Hendrickson Publishers recently re-released the three books in The Priceless Collection series, which had been out of print for seven years.

This family epic blends mystery and romance and is set in the luxurious trappings of contemporary London and the turbulent economies of Eastern Europe.

The Priceless Collection

Florian's Gate by Davis Bunn The Amber Room by Davis Bunn Winter Palace by Davis Bunn

Here are two reader letters that reflect on the books in The Priceless Collection.

Vickie writes: 

I stayed up late last night to finish Florian’s Gate. What an amazing book. I read a lot of fiction, but I love fiction that includes history.

Like the main character, Jeffrey, my view of life beyond the Iron Curtain has always been limited by my own paradigms. It was eye-opening to see the people of this land through Jeffrey’s eyes as he experienced them first hand.

I was not surprised to find that many of the stories of the people in the book came from first-hand accounts of real people. This is a great book about the courage and strength of a nation that has endured so much.

Dear Vickie,

As you may have gathered from the dedication and acknowledgements, this story was based upon the experiences of my wife’s family, and so holds a very special significance for me. I’m thrilled that you connected with it.

Dave writes: 

I recently finished reading the three books of The Priceless Collection. Thank you so much–I learned a lot about what Poland has gone through, just in my lifetime. Also learned a bit about Russia while reading three very interesting stories.

Some of your books are hard to read as they describe working and living conditions in other countries that are so much different than what we have lived through. We had a chance to go to Germany on a work and Witness team in 2000 and spent a week working at the Nazarene church in Frankfurt and another week traveling around in Germany.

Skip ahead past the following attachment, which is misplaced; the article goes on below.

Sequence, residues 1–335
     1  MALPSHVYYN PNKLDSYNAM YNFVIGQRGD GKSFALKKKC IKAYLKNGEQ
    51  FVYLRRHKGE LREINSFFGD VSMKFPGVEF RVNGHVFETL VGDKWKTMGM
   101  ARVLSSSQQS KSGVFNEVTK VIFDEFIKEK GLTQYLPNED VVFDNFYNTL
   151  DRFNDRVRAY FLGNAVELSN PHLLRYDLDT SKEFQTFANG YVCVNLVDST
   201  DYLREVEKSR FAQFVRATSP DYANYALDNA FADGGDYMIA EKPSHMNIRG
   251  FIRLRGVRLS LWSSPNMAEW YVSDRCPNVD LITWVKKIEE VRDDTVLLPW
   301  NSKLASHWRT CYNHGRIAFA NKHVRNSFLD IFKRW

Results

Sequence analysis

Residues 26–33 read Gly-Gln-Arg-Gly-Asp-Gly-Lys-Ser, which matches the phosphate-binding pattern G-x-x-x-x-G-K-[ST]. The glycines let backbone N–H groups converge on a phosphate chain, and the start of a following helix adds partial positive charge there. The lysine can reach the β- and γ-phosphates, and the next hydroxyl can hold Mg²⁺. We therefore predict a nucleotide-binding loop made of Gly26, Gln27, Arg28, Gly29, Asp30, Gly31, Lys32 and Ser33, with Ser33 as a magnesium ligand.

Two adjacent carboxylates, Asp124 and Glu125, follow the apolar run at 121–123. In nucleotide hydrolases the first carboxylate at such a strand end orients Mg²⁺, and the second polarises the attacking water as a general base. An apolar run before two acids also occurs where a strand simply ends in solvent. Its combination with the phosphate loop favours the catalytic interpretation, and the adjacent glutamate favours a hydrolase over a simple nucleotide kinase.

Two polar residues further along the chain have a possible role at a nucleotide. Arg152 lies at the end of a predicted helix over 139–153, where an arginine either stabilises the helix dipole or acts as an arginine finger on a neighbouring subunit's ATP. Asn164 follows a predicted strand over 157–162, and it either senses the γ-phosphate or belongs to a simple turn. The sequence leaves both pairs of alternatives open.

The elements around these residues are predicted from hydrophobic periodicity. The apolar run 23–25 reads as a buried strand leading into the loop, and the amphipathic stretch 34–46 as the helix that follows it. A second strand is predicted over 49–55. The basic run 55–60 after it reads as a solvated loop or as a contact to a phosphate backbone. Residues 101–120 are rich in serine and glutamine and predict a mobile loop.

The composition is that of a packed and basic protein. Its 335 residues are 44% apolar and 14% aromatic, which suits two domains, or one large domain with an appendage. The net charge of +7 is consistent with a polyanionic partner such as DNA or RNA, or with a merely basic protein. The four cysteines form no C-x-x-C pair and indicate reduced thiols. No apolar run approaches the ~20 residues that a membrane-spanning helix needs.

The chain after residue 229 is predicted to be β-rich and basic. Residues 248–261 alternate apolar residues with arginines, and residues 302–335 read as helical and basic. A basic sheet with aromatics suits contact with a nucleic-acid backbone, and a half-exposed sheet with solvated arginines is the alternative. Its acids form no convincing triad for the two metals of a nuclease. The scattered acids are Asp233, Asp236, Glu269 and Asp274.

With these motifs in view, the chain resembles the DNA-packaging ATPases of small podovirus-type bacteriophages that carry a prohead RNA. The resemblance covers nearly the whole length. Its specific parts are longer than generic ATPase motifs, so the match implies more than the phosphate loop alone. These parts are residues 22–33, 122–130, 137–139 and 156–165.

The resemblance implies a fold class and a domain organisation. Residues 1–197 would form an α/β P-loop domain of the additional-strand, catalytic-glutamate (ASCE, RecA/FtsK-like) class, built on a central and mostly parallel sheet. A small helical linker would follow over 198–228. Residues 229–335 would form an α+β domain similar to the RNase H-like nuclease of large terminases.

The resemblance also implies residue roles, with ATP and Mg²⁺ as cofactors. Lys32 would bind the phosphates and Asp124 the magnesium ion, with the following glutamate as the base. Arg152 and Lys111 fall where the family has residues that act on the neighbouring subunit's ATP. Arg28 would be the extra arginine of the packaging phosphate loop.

We spent three days in Berlin and got to see what the war did and where the city was divided for so many years. While it is now one city again a lot of evidence of what it was like is still there. At the time we were there they were refurbishing the building that used to house the German government before the Soviet Union divided the city.

The leader of our group grew up in Germany because his father was pastoring the church in Frankfurt while it was being built in the 1960s. As it turns out I was only a few miles away in Wiesbaden, in the army at the same time. Did not meet them until we met in a church in Meridian, Idaho many years later.

Because he grew up there he knew of a small museum in Frankfurt that he took us to. It was very small and the only thing I remember from it is the two display cases–one of what Frankfurt looked like before the war and the other what it looked like after we got through bombing it. Not much left standing.

Living in America tends to spoil us as far as our freedoms compared to a lot of other countries in the world.

Dear Dave,

It has been remarkable how these stories have connected with an entirely new audience, 15 years after they were first written. The wall has fallen, and so many people in these affected countries now consider it so far past that it holds no real importance.